How can someone address why ABB Formula E racing has become one of racing’s hottest commodities on an international level? Granted, the star power of someone like Lewis Hamilton or Bubba Wallace, Dale Earnhardt Jr. or Sebastian Vettel is noticeably absent. Instead, drivers such as former NASCAR standout Nelson Piquet Jr. have hoisted the championship trophy while drivers such as Stoffel Vandoorne and Felipe Massa are regulars on the grid. OEMs aren’t an issue in the paddock; Mercedes, Porsche, and BMW all have entries on the grid along with Jaguar, Nissan, and Audi.
There are some familiar names associated with the sport. Former IndyCar organization Dragon Racing become one of the founding Formula E teams in 2014 and was renamed GEOX Dragon, while fellow IndyCar group Andretti Autosport has also branched into the series with BMW i Andretti Motorsport. Other organizations include Indian conglomerate holding company Mahindra and Chinese manufacturer NIO.
Some of the appeal of the all-electric racing division goes into the international aspect. Races are held all over the world, with events in places such as New York City, Marrakesh, Saudi Arabia, and Berlin. But what makes the events draw such big numbers for a relatively young form of racing is its fan appeal. The events are curated around fan participation, with fans participating in such initiatives as Fanboost, where fans vote for which drivers to receive a brief boost of power during the race. This is akin to the “Attack Mode,” where drivers access a predetermined strip of the racetrack; accessing this during the race will also bring them a brief boost of power. That’s like playing a racing video game like MarioKart or GTA Online and achieving a boost on a portion of the race track, although the power is actually doled out from race control.
But it’s in this electric aspect that the whole field seems to be equal in competition, making the race more about the driver than the car. That’s not to say what’s going on with the car isn’t awesome (although it’s sad to see that the teams won’t switch entire cars on pit stops like they used to). But the Formula E division has become a playground for drivers of all disciplines, and it’s been entertaining to see which drivers would succeed. All of this is considering the monotony of some of the other racing divisions with FIA in their title (looking at Hamilton’s F1 dominance, here).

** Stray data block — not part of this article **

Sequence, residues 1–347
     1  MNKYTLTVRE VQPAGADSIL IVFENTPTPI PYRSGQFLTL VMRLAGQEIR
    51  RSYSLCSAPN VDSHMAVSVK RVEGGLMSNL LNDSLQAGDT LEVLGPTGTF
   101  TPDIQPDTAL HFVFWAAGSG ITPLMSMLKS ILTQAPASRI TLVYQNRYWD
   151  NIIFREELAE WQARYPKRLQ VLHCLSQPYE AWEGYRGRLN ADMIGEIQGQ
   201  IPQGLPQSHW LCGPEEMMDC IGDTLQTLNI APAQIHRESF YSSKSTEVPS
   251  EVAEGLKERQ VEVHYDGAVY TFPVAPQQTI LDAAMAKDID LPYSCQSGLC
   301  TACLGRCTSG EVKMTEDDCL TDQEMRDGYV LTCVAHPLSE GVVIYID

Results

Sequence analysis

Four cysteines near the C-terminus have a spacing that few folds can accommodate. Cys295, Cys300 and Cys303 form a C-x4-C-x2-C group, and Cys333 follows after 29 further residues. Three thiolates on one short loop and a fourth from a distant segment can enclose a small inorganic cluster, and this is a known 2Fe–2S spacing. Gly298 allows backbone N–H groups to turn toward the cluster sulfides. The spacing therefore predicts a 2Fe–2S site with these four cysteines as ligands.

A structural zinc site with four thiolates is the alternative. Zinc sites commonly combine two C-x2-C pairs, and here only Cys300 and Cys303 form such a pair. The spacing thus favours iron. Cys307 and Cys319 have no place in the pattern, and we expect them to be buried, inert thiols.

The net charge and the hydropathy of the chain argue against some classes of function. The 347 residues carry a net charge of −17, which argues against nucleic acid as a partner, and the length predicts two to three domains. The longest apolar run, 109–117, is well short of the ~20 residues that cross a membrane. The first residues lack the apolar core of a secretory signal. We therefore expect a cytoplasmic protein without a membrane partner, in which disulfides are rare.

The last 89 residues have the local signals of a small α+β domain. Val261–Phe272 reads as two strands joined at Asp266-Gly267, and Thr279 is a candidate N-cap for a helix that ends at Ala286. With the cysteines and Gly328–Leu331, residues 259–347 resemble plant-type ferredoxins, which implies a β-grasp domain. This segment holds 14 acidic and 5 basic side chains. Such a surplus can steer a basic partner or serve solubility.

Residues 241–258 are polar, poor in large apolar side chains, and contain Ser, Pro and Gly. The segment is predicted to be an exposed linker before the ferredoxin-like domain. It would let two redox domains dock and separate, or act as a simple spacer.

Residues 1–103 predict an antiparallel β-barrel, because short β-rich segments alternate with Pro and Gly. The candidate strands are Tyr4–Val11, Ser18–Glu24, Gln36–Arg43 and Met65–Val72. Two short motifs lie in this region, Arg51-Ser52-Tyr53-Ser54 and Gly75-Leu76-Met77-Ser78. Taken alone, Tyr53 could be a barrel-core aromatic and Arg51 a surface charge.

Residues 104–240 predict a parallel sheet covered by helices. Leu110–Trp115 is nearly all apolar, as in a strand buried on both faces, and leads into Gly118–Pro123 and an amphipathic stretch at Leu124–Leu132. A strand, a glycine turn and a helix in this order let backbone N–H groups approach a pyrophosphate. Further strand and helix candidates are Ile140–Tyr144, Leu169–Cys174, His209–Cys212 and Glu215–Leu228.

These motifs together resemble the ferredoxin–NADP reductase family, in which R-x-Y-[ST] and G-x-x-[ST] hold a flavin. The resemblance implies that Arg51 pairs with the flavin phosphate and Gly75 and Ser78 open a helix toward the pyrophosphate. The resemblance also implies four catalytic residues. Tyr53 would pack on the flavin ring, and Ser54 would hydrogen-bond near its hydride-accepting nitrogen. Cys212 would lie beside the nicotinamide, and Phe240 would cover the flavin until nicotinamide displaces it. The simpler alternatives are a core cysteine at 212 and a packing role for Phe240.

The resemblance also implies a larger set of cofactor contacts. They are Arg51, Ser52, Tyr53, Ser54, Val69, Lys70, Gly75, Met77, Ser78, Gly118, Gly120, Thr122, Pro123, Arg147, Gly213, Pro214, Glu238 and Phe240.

Rather, the cars are evenly matched up in making it as close of a race as possible. For that matter, most events are held on street courses which keep the competition tight; winning the race by several second or several laps is unlikely. Formula E’s product has become the sort of thing other FIA divisions wish they could be, to put it bluntly: Fan-friendly and highly competitive.
Formula E exploits one of the greatest things about motorsports: Science. The science that goes into a competitive race team in any discipline is something to behold, yet in Formula E it’s actually part of the team’s mission. This is what goes into the car. And this. And this. This too.
For that matter, Formula E also disproves some of the notions that some hold regarding what makes motorsports appealing. The cars aren’t loud but sound like slot cars on a track. They’re slower than a stock car, an IndyCar race car, or even an F1 car. The events aren’t endurance events, clocking at 45 minutes plus a lap. Then there’s the matter of prestige, as Formula E’s first season was 2014. There hasn’t been enough time for an event to build up a history like you’d find at Indy, Daytona, or Monaco.
Still, the series has been growing and establishing itself as a gift for the fans. The base is growing in both fans and supporters, and that makes a huge difference in the success of Formula E. If the product has a say in anything, however, then it looks like the FIA has found the formula it needs to make Formula E a heavy hitter in the racing world.